Yevgeny Khaldeiu2019s iconic Second World War photograph was set up for the camera, yet it remains a powerful symbol of the Alliesu2019 victory, writes David Clark

Image: Russian soldiers flying the Red Flag, made from

tablecloths, over the Reichstag in Berlin, 2 May 1945 © Photo by Yevgeny

Khaldei/Getty Images

As the Second World War entered its

final phase in early 1945, Ukrainian-born Yevgeny Khaldei was working

as a staff photographer for the Soviet news agency TASS. He was 28 and

had travelled thousands of miles around Europe with the Russian army

since his country entered the war in 1941.

Under Stalin’s rule,

TASS’s news reporting was carefully manipulated to present a positive

image of the nation to the rest of the world. Khaldei, who had worked

for the agency for ten years, had become highly skilled in creating the

required pro-Soviet images.

During the war, his role was to

record the Red Army’s military successes and he shot dramatic images of

major battles, including the Siege of Sevastopol (1941-42) and the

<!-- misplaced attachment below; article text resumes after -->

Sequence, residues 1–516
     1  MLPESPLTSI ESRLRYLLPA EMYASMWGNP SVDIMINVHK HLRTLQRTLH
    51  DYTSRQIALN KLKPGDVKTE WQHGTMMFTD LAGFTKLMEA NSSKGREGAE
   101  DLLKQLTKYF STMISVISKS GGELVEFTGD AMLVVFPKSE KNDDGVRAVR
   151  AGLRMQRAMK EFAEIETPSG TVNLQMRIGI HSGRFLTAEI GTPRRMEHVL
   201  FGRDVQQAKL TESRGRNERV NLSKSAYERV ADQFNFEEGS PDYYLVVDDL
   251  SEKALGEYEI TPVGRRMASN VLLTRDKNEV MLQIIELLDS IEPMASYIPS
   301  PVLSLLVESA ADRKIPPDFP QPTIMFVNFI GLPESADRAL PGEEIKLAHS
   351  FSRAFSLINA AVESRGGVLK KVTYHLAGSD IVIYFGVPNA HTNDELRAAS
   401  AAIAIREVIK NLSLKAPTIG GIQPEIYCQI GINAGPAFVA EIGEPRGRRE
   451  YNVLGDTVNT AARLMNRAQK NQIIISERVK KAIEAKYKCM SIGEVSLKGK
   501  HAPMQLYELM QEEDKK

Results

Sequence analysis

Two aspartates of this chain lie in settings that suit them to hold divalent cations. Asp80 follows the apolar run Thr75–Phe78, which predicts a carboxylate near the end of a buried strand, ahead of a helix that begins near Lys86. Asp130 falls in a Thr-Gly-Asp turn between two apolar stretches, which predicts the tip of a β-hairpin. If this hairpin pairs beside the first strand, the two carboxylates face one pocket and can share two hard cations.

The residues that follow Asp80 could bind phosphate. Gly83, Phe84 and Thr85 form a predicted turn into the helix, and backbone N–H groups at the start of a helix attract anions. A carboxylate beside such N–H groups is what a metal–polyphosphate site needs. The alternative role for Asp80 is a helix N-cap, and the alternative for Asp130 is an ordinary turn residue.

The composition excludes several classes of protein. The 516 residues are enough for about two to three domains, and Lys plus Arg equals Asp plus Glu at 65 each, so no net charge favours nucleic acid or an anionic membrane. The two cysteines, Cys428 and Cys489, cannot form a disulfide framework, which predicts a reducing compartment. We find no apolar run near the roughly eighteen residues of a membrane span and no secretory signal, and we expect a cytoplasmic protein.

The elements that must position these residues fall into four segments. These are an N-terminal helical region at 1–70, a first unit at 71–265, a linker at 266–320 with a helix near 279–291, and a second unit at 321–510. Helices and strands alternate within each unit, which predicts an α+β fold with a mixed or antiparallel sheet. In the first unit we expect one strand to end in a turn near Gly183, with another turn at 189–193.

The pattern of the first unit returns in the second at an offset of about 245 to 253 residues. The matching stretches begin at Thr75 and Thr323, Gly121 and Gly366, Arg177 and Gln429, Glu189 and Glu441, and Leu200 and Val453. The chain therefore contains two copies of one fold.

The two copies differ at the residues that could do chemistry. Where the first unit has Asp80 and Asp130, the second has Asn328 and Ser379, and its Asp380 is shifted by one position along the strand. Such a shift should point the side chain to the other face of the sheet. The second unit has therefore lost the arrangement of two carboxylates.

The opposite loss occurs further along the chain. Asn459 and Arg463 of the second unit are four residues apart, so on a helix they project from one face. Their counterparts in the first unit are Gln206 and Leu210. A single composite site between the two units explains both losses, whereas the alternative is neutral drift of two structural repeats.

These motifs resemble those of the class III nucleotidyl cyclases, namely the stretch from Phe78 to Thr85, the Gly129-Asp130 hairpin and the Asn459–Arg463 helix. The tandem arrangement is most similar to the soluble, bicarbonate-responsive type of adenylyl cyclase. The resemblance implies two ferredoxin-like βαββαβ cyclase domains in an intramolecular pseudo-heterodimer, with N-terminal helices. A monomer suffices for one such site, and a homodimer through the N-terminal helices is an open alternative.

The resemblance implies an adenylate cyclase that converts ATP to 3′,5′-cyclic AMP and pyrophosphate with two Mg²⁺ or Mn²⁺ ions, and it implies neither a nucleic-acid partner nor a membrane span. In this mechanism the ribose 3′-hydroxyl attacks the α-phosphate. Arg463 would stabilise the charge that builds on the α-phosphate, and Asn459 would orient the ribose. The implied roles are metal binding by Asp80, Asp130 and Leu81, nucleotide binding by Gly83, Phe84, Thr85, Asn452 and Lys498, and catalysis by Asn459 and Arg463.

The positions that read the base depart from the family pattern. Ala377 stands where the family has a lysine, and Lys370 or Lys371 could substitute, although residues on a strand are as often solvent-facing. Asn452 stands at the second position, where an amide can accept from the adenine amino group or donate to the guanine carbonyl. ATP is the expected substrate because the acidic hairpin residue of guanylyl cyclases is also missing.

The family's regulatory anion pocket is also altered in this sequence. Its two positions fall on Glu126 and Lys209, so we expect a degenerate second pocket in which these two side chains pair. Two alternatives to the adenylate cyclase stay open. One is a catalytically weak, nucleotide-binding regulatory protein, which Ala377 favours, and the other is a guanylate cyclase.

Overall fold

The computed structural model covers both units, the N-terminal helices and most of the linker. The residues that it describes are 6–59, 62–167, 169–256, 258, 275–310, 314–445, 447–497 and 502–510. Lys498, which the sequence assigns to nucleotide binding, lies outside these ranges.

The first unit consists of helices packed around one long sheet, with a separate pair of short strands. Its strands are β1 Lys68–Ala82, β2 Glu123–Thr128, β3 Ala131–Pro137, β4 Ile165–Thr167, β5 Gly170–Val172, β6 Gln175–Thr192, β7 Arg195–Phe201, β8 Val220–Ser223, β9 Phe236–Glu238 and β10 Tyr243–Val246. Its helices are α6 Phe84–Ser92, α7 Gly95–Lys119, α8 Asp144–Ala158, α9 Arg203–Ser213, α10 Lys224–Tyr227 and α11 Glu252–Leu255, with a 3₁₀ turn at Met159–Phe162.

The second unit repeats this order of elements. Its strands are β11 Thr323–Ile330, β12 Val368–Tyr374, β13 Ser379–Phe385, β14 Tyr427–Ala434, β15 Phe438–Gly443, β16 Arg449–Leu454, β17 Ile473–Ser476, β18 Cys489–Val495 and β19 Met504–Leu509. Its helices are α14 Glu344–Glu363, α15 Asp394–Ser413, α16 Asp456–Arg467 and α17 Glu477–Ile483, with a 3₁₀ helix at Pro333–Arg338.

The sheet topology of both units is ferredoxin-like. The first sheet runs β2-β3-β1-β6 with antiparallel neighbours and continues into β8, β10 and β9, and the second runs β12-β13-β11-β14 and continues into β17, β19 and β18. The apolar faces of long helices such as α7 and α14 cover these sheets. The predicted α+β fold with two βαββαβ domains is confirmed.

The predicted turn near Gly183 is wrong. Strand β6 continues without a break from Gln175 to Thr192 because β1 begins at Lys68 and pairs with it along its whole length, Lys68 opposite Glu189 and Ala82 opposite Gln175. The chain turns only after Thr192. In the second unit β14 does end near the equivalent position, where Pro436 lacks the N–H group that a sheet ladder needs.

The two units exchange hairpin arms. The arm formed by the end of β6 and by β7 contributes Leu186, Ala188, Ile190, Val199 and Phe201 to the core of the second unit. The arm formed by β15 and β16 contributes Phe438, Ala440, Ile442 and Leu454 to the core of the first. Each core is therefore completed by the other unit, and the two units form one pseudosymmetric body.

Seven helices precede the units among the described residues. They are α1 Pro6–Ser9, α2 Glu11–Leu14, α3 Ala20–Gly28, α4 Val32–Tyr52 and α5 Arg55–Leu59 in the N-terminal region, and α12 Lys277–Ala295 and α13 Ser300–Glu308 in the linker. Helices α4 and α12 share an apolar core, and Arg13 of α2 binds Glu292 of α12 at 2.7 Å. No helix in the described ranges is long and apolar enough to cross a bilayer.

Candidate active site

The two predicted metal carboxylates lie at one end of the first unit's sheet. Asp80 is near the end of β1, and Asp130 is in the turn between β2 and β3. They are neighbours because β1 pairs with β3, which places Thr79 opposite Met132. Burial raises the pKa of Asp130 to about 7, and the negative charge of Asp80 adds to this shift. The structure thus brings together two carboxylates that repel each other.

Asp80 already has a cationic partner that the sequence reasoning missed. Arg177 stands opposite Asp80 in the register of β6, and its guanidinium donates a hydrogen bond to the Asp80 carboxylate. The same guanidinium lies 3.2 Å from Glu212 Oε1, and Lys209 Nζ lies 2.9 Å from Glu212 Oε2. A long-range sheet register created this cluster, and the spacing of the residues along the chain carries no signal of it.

liberation of cities including Sofia, Belgrade and Vienna from Nazi

control.

In 1945, Allied forces were making significant headway

in Europe, and Roosevelt, Churchill and Stalin were already planning how

Germany would be divided after their victory was complete. On 20 April,

the final major battle in Europe began: the Battle of Berlin, in which

the Red Army pressed forward to gain control of the German capital.

Khaldei

documented the Soviet advance against the depleted Nazi forces and,

when it was becoming clear that the German defeat was approaching, he

saw the opportunity to create a photograph that would symbolise it.

A

few months earlier, the American photographer Joe Rosenthal had

captured his iconic image of the US victory in the Pacific, ‘Raising the

Flag on Iwo Jima’. Rosenthal’s picture was a great morale-booster for

the American public and had achieved worldwide fame. Khaldei was

familiar with the image and knew that a similarly important photograph

could be created in the ruins of Berlin.

However, he faced a

practical problem: the Red Army had no flags of a suitable size to make

an impact in a photograph, so, as the battle continued, Khaldei returned

to Moscow to look for some. This search proved difficult in the limited

time available, so he improvised by borrowing three red tablecloths,

reputedly from the TASS agency office. To transform the tablecloths into